LANDSCAPE AND THE LANGUAGE OF THE IMAGINATION: READING GUYANESE LITERATURE
“The landscape is alive, it is a living text.” (Wilson Harris, Landscape of Dreams)
The literature of Guyana shares many common features with the literatures of
the islands of the English-speaking Caribbean: these have to do especially with
having the same history of slavery and colonization and a common educational and
literary heritage. Nevertheless readers often perceive and remark on a
certain ‘difference’ or ‘strangeness’ in much of Guyanese writing. Writers like
Edgar Mittelholzer and Wilson Harris are obvious examples of this, but it is
probably discernible in most of the Guyanese writers. Critics and others who
attempt to identify this strangeness – and its source – usually point a finger
at Guyana’s physical landscape. John Hearne, in an early essay on Wilson
Harris called “The Fugitive in the Forest,” said of the Guyana Landscape that it
is: "one of the great primary landscapes of the world, and it can crush the mind
like sleep. Like sleep it inspires the dreams by which we record the
progress of our waking life" (141). This suggests that the strangeness is
akin to a dream-like quality of the writing, where the realistic and the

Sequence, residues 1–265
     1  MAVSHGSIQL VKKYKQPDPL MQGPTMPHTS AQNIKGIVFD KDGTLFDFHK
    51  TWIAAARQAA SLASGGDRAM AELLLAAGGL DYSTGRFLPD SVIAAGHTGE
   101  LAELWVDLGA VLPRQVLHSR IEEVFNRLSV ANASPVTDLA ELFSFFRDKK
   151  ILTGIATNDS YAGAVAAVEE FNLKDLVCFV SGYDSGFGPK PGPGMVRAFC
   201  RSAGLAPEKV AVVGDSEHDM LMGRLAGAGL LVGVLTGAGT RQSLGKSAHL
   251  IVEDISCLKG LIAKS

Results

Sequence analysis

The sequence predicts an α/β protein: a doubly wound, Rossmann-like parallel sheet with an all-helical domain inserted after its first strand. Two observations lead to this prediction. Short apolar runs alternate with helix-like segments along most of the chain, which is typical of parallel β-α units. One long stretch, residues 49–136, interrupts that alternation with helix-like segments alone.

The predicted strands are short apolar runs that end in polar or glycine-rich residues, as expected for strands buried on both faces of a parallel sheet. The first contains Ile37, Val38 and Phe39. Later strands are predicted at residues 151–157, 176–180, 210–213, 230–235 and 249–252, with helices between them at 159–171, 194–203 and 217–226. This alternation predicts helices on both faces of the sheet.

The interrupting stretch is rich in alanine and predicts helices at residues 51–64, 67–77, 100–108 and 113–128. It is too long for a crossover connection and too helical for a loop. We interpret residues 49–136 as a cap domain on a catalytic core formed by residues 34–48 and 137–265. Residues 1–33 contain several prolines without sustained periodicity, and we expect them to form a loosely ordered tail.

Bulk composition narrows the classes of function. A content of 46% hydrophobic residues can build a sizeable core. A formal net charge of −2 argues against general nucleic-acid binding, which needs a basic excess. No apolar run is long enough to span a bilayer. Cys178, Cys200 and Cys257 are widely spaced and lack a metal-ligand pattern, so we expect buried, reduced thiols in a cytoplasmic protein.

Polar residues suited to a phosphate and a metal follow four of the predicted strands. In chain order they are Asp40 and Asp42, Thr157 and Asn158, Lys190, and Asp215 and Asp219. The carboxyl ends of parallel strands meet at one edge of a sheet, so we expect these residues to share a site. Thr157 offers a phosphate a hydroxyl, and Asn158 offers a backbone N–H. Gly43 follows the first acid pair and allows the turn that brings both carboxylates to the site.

representational are found to be inadequate for conveying the writer’s
Jeffrey Robinson in an interesting article, itself somewhat awkwardly entitled “The Guyaneseness of Guyanese Literature,” writes of being prompted to ‘define’ Guyanese literature by the poet A. J. Seymour:
I replied, fumbling for a word to describe our literature, that it seemed strangely mystical. I should now prefer to say that there is, in the major works by Guyanese writers, a similarity of theme and attitude. The theme is the relationship between the mind and the world and between both of these, considered as a dialectic, and time. The attitude is one that renders these relationships not so much as philosophy or theory, but as riddle or mystery. (82)
So both Hearne and Robinson come to roughly the same
conclusion: the strangeness discerned in Guyanese writing is the ‘dream-like’ or
the ‘mysterious’, and while Robinson does not mention landscape explicitly, as
Hearne does, the ‘world’ that he speaks of as being confronted by the ‘mind,’ in
his Hegelian dialectic, is the only item that could be peculiar to the Guyanese
writer, and only if it refers to, or at least includes, the landscape.
It is my own argument therefore, that any perceived ‘strangeness’ in the writing does come about through the influence of landscape upon the writer; whether it “crushes the mind like sleep” or generates an attitude of “mystery”, the landscape in the daily experience of the people, certainly shapes and conditions the response of the imagination – and this would be true of anyone, though only the writer expresses it in the form of literature. What Robinson refers to as ‘attitude’ is what I call here the ‘language of the imagination,’ that is, the myths that we live by and through which we express our concern – and by ‘myth’ here, I do not mean falsehood, but rather the large shaping and containing conceptions in which we package our understanding of the world. In many cases, these are myths of anxiety, as the world – the landscape – can appear frightening and be associated, as I will try to show, with the horrors of the past and the dangers of the present.